# Does Power Factor Training Work?

If the claims are true, the many existing styles of resistance training can be compared head-to-head in an objective manner and it can lead to new training styles. Here is my theory and my personal training program!

Power Factor Training is a resistance training system that claims to take the guess work out of training by effectively quantifying muscular intensity and the muscle-stimulating benefits of any workout. The developers claim that two indices, the power factor and power index, can be used by athletes to determine the selection of exercises, weights, sets and reps that will produce maximum results for them (8). If these claims are true, the many existing styles of resistance training can be compared head-to-head in an objective manner. It can also lead to innovations in designing new training systems which may be even more effective than those existing.

PHYSIOLOGY

Power and work output are believed to be important parameters that can stimulate muscular hypertrophy. The developers of Power Factor training defined two parameters based on the mechanical definition of power to aid athletes in designing their workouts (8):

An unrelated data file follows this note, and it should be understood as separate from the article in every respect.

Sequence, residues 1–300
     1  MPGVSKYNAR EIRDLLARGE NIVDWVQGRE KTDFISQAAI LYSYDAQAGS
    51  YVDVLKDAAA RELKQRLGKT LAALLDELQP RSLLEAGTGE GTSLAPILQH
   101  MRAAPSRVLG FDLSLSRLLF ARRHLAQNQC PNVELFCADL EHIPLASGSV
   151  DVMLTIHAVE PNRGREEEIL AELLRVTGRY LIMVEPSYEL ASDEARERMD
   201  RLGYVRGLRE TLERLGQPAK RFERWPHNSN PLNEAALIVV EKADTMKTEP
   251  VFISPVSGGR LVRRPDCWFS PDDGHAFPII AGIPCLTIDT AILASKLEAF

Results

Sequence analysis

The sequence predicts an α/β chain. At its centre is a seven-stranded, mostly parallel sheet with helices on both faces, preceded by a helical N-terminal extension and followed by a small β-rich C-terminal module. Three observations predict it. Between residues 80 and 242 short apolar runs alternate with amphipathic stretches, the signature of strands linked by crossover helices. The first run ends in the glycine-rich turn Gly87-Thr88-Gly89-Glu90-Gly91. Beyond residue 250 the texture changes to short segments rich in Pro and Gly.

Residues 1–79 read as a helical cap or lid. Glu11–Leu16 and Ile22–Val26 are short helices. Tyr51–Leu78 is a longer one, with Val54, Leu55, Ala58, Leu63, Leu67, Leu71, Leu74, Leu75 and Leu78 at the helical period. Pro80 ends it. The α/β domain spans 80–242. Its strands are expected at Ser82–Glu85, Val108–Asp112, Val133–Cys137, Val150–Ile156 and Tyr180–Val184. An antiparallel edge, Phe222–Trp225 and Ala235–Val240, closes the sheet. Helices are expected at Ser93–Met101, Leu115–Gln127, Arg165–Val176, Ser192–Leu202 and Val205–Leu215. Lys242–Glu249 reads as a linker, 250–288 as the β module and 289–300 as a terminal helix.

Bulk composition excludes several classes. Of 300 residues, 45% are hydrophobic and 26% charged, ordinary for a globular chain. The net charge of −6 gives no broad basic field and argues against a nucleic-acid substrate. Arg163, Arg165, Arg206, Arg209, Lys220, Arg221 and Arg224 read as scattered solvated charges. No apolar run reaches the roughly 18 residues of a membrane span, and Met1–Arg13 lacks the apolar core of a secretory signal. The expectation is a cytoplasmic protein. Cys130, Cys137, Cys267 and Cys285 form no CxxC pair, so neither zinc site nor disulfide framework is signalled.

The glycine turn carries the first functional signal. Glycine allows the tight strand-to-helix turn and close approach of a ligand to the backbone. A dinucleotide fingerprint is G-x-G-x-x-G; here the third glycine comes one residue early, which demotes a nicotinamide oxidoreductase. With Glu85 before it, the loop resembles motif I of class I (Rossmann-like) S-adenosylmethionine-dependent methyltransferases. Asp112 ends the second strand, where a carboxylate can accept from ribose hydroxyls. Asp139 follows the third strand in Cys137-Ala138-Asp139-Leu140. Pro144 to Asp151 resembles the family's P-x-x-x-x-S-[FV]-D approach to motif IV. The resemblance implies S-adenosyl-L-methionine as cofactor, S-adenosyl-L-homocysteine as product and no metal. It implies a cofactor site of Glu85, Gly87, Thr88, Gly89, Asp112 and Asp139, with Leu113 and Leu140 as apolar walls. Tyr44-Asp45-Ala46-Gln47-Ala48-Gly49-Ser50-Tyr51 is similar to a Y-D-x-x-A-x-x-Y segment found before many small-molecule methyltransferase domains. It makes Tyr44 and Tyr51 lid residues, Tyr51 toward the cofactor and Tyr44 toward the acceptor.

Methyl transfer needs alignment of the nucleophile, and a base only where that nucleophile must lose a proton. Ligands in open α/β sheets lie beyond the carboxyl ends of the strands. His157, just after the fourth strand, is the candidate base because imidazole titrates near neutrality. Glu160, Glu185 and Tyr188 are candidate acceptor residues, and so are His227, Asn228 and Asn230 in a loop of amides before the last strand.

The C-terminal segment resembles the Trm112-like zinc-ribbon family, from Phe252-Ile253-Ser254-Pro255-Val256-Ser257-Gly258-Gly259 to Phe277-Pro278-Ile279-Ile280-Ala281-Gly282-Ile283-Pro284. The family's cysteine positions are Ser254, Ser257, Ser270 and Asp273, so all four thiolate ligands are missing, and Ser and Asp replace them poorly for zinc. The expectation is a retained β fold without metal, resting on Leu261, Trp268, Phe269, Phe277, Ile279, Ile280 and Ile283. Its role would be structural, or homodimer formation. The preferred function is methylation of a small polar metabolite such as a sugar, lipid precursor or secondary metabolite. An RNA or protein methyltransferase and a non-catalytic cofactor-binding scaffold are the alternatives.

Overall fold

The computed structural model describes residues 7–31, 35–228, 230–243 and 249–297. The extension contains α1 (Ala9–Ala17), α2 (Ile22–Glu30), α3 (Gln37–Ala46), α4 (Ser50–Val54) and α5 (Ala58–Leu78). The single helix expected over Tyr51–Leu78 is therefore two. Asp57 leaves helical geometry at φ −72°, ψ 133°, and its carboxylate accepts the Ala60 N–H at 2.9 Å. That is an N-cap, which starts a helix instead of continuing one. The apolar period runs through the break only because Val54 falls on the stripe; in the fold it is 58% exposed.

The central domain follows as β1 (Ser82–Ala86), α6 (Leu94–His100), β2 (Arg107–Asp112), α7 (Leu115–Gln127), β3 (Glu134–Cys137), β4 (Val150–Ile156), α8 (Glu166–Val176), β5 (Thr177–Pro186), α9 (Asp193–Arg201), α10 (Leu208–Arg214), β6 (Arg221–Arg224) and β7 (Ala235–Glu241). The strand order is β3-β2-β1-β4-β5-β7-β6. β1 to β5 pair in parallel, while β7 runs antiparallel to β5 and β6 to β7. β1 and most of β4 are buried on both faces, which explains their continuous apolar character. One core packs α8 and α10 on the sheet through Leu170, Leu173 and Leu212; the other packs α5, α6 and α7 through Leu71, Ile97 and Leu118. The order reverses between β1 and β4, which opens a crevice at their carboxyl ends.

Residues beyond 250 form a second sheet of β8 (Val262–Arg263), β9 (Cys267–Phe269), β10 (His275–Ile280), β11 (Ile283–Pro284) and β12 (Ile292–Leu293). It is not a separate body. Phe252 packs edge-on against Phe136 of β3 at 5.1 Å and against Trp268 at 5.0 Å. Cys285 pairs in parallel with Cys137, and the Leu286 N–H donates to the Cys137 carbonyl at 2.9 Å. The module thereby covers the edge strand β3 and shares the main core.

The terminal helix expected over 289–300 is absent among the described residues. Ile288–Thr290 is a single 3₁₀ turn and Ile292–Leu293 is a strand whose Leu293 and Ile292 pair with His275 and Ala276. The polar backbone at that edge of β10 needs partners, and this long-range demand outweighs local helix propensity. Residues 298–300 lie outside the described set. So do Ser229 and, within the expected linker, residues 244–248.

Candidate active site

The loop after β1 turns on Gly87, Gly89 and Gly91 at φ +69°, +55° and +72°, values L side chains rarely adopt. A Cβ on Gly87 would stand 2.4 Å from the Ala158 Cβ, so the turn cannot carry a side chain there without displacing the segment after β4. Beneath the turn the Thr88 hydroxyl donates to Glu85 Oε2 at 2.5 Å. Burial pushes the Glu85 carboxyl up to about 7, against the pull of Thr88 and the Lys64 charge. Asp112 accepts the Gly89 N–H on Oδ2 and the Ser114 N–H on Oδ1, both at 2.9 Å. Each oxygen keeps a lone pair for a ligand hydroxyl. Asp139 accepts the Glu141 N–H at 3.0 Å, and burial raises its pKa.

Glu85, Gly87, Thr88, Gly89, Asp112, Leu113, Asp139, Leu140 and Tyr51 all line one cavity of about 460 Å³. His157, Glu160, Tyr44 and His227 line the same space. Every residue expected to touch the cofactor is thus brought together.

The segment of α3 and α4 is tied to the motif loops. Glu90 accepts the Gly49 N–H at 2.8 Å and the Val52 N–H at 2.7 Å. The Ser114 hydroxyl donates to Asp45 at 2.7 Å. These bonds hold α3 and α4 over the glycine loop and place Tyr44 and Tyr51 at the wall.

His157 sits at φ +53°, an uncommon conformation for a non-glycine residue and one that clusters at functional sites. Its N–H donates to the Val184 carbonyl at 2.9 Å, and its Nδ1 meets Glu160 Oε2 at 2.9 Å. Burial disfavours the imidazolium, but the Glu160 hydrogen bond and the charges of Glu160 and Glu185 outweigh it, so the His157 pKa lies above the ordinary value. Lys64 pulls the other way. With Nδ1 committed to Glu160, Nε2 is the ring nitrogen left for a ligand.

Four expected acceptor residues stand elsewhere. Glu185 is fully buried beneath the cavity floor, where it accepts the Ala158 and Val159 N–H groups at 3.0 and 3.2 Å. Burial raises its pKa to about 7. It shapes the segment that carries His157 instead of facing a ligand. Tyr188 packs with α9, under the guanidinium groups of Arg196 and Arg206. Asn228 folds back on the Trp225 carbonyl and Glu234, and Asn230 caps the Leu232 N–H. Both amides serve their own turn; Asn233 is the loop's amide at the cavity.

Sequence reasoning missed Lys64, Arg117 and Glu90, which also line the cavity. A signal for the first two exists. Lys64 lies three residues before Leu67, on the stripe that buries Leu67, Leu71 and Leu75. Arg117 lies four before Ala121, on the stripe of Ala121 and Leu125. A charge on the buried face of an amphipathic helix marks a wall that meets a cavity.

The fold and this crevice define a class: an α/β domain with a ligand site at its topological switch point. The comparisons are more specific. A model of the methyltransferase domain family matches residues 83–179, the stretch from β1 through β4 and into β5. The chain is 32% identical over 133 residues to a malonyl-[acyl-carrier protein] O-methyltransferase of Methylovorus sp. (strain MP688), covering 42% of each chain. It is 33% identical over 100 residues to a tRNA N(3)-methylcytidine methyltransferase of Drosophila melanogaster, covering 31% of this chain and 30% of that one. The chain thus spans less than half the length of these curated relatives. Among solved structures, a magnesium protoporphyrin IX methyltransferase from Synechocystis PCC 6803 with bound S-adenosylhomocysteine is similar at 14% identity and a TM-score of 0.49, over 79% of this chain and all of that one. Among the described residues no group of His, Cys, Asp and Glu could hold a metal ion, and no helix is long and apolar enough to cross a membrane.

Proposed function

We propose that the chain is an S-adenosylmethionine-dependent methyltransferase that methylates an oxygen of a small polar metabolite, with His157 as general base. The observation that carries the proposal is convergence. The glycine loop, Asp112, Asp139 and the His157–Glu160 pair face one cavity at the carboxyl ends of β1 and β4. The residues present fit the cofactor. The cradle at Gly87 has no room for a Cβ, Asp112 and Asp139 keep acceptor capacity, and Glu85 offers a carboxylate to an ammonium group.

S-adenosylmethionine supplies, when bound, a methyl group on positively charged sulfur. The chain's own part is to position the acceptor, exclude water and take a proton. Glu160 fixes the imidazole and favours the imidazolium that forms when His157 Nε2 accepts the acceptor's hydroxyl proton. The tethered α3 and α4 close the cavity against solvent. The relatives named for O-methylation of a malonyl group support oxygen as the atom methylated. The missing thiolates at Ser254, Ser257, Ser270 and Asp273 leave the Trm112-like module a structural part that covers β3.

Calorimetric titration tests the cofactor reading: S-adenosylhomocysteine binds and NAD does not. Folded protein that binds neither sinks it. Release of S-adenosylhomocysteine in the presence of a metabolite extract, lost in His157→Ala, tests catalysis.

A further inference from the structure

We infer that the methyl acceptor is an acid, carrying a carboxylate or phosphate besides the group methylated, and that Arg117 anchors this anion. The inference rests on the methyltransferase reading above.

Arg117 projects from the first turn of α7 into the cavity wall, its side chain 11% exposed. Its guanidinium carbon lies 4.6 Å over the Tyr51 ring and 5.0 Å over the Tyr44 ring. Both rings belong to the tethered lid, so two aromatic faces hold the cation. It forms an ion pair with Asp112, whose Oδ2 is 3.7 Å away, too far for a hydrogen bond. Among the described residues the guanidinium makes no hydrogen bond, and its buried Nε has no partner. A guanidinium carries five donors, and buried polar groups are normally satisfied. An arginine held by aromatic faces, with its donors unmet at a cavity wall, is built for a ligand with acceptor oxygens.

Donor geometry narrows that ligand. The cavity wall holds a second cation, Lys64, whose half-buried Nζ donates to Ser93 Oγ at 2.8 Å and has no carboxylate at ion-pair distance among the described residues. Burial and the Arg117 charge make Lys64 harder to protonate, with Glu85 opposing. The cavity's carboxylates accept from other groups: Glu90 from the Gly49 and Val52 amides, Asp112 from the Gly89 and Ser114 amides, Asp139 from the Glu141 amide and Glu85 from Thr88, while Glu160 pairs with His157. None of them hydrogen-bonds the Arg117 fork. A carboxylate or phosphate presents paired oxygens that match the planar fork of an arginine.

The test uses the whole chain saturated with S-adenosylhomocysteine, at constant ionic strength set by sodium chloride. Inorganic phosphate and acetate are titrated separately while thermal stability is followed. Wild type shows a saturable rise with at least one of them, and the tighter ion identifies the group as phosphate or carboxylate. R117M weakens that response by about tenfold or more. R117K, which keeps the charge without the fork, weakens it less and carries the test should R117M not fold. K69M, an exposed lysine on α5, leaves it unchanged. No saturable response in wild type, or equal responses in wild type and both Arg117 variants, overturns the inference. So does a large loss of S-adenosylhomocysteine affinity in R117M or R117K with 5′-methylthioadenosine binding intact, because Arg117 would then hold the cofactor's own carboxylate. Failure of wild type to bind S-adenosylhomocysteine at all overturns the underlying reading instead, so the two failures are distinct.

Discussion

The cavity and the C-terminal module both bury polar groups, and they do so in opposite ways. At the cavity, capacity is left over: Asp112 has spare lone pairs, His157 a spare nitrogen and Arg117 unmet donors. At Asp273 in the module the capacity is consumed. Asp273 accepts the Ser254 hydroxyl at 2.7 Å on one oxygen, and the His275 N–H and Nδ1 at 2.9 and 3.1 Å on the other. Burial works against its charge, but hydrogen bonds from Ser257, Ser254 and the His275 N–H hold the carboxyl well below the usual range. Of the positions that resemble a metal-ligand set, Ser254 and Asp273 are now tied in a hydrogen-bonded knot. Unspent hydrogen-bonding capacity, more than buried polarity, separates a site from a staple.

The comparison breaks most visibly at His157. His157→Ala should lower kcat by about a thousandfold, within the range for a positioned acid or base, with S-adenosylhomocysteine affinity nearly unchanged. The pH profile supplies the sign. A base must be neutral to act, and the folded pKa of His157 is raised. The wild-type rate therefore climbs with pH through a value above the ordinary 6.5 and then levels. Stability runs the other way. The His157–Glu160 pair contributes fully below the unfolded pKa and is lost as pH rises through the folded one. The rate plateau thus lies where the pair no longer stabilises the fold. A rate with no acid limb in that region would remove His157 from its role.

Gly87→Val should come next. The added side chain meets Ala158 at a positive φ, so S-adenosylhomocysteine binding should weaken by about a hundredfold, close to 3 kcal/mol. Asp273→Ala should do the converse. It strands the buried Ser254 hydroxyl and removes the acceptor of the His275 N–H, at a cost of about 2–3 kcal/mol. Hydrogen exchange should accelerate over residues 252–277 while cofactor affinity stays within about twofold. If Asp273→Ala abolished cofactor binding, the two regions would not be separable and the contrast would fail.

Power factor (PF): A measurement of the intensity of muscular overload during an exercise

Power Factor = Weight / Time

Weight = Total amount weight lifted in lbs (from multiple reps)

Time = Total time in minutes

Power Index (PI): A measurement of the duration of a given power factor

Power Index = (Weight^2) / Time * 10^(-6)

= Weight * Power Factor * 10^(-6)

Power Factor training is based on the concept of progressive overload. Athletes record these power indices for each workout and strive to increase these indices on subsequent workouts. For example, to increase their power factor, they can attempt to lift more total weight in the same period of time or the same amount of weight in a shorter period of time. To increase their power index, they need to sustain a given power factor for a longer period of time by possibly doing additional sets.

From these power indices, the developers noted that certain types of training and exercises tend to produce higher power factors and indices for most trainers. These styles of training form the cornerstone of their system. Partial reps are recommended because they increase the number of reps that can be performed in a given period of time. Furthermore, these partials are performed in their strongest range of motion to allow the heaviest weights to be used. Compound exercises (exercises that involve multi-joint movements) are preferred over isolation exercises because more weight can be used. However, the developers encourage the athletes to experiment for themselves to fine tune the best plan for them since each person is different (8).